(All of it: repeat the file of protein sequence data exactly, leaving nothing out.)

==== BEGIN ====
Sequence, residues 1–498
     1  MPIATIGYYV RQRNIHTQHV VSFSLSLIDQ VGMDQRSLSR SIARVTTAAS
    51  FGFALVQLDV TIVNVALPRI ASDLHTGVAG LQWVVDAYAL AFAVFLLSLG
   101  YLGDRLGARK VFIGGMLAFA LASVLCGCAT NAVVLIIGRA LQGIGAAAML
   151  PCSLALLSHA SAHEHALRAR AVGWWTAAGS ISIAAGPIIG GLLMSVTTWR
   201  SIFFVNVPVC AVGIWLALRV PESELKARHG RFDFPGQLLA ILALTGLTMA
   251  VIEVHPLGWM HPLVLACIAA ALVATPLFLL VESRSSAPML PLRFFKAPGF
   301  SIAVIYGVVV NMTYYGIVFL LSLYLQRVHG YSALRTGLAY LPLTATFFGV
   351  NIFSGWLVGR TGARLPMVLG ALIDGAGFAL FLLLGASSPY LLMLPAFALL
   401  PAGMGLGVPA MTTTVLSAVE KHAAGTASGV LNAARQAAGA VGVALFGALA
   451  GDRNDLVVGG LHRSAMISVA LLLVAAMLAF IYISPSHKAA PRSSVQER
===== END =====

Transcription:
Sequence, residues 1–498
     1  MPIATIGYYV RQRNIHTQHV VSFSLSLIDQ VGMDQRSLSR SIARVTTAAS
    51  FGFALVQLDV TIVNVALPRI ASDLHTGVAG LQWVVDAYAL AFAVFLLSLG
   101  YLGDRLGARK VFIGGMLAFA LASVLCGCAT NAVVLIIGRA LQGIGAAAML
   151  PCSLALLSHA SAHEHALRAR AVGWWTAAGS ISIAAGPIIG GLLMSVTTWR
   201  SIFFVNVPVC AVGIWLALRV PESELKARHG RFDFPGQLLA ILALTGLTMA
   251  VIEVHPLGWM HPLVLACIAA ALVATPLFLL VESRSSAPML PLRFFKAPGF
   301  SIAVIYGVVV NMTYYGIVFL LSLYLQRVHG YSALRTGLAY LPLTATFFGV
   351  NIFSGWLVGR TGARLPMVLG ALIDGAGFAL FLLLGASSPY LLMLPAFALL
   401  PAGMGLGVPA MTTTVLSAVE KHAAGTASGV LNAARQAAGA VGVALFGALA
   451  GDRNDLVVGG LHRSAMISVA LLLVAAMLAF IYISPSHKAA PRSSVQER